“DMTF’s SPDM is a key security capability in servers for authenticating and securely monitoring devices in an open standards-based approach,” said Krista Satterthwaite, vice president and general manager of Mainstream Compute at Hewlett Packard Enterprise. “HPE looks forward to supporting SPDM in our upcoming servers to extend device protection and detection for option cards. The enhancement builds on to HPE’s silicon root of trust technology, and by using HPE Integrated Lights-Out (iLO), allows customers to gain insights from attacks stemming from supply chain, physical or remote attempts.”
Mark Figley, IBM's Vice President of Modernization and Automation, stated that "IBM servers require the highest level of chain of trust and security, and DMTF's SPDM standard is a critical technology for the future of IBM's server platform security."
“Platform security is a top priority and by utilizing DMTF’s SPDM 1.2.0 standards we can provide additional benefits and value to our customers and end users by utilizing a standardized platform security protocol,” said Patty Kummrow, Vice President in the Network and Edge Group - Intel. “SPDM standards enable a chain of trust for the platform that the industry, customers and end users are demanding.”
“Platform security is an absolute imperative and by utilizing DMTF’s SPDM platform standards, we can provide additional benefits to our customers through a standardized platform security protocol,” said Anthony Corkell, VP, Chief Quality and Security Officer, Lenovo Infrastructure Solutions Group. “SPDM standard protocols enable security capabilities that help us meet the demands of Lenovo customers and the industry at large.”
“Security is non-negotiable and is a top business priority for Positivo Tecnologia. Security Protocol and Data Model specifications have several important and beneficial standards that allow companies to offer their customers high security levels,” said Fernando Tavares, Positivo Tecnologia Regulatory Engineering Specialist. “Those companies that implement the standards will be steps ahead in the market.”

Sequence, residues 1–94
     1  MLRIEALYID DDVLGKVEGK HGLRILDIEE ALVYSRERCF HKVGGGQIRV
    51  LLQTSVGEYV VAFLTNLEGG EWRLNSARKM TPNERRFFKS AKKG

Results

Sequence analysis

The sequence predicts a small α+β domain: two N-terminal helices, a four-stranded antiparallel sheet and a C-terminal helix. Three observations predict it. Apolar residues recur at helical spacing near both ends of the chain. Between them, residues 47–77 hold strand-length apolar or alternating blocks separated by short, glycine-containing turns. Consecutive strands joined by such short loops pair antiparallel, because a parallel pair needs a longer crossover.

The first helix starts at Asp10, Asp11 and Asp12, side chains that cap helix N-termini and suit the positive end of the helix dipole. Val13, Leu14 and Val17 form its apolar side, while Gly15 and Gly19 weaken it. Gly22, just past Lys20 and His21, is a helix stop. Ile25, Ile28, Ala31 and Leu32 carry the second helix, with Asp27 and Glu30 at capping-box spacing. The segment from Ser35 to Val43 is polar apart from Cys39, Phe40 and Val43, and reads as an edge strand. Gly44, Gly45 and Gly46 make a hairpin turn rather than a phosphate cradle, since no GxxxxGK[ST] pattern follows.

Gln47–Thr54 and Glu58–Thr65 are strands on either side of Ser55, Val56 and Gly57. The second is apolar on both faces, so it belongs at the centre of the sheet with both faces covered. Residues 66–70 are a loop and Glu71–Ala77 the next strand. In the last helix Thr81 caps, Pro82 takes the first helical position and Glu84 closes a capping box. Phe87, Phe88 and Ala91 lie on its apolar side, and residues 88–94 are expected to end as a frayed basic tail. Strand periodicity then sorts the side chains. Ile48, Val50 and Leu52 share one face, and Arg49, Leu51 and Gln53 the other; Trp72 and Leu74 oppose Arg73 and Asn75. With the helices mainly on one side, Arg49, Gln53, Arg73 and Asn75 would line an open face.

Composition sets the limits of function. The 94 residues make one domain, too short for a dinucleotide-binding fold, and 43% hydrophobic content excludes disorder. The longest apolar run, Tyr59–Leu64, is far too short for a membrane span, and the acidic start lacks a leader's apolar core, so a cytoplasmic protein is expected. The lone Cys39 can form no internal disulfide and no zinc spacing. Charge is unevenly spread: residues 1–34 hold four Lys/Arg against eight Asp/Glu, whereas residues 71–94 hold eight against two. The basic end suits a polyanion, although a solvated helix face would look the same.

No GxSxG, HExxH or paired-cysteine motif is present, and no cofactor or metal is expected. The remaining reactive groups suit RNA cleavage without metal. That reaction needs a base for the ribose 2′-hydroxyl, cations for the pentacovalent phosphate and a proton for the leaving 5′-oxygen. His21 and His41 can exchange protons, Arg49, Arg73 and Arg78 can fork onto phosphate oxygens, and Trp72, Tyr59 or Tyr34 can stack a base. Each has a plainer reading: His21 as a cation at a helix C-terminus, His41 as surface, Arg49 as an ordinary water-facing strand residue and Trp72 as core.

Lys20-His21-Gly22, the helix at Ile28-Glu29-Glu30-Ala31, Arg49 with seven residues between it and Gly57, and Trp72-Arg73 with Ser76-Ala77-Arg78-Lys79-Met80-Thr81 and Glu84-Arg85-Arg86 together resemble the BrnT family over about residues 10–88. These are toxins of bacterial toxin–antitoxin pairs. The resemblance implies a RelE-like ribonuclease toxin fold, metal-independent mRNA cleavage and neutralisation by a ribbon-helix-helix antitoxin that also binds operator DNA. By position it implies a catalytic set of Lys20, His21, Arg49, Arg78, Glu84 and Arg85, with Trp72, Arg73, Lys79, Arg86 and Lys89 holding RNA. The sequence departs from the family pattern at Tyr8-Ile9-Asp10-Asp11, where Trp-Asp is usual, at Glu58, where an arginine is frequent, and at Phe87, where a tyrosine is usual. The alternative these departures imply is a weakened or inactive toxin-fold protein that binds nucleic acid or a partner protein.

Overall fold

“DMTF continues its industry leadership role with the development of the SPDM specifications,” said Arun Kalluri, General Manager, Software Products, Supermicro. “Supermicro welcomes this standardized approach as the right step forward to mitigate consumers’ security concerns and ensure a strong chain of trust for system platforms. Supermicro customers can trust it actively supports the leading security protocols, and we have a strong commitment to open standards on the widest product portfolio.”
To learn more about the PMCI Working Group and the platform management standards it defines, or to get involved in this work, please visit https://www.dmtf.org/standards/pmci. Detailed information on DMTF standards can be found at www.dmtf.org/standards. Those interested in supporting and joining DMTF’s efforts can learn more at www.dmtf.org/join.
DMTF, an industry standards organization, creates open manageability specifications spanning diverse emerging and traditional IT infrastructures including cloud, virtualization, network, servers, and storage. Member companies and alliance partners worldwide collaborate on standards including Redfish, SMBIOS, MCTP, PLDM, and more to improve the interoperable management of information technologies. Nationally and internationally recognized by ANSI and ISO, DMTF standards enable a more integrated and cost-effective approach to management through interoperable solutions. Simultaneous development of Open Source and Open Standards is made possible by DMTF, which has the support, tools, and infrastructure for efficient development and collaboration. For a complete list of our standards and initiatives, visit the Standards and Technologies section of the DMTF website.
DMTF is led by a diverse board of directors from Broadcom Inc.; Cisco; Dell Technologies; Hewlett Packard Enterprise; Intel Corporation; Lenovo; NetApp; Positivo Tecnologia S.A.; and Verizon.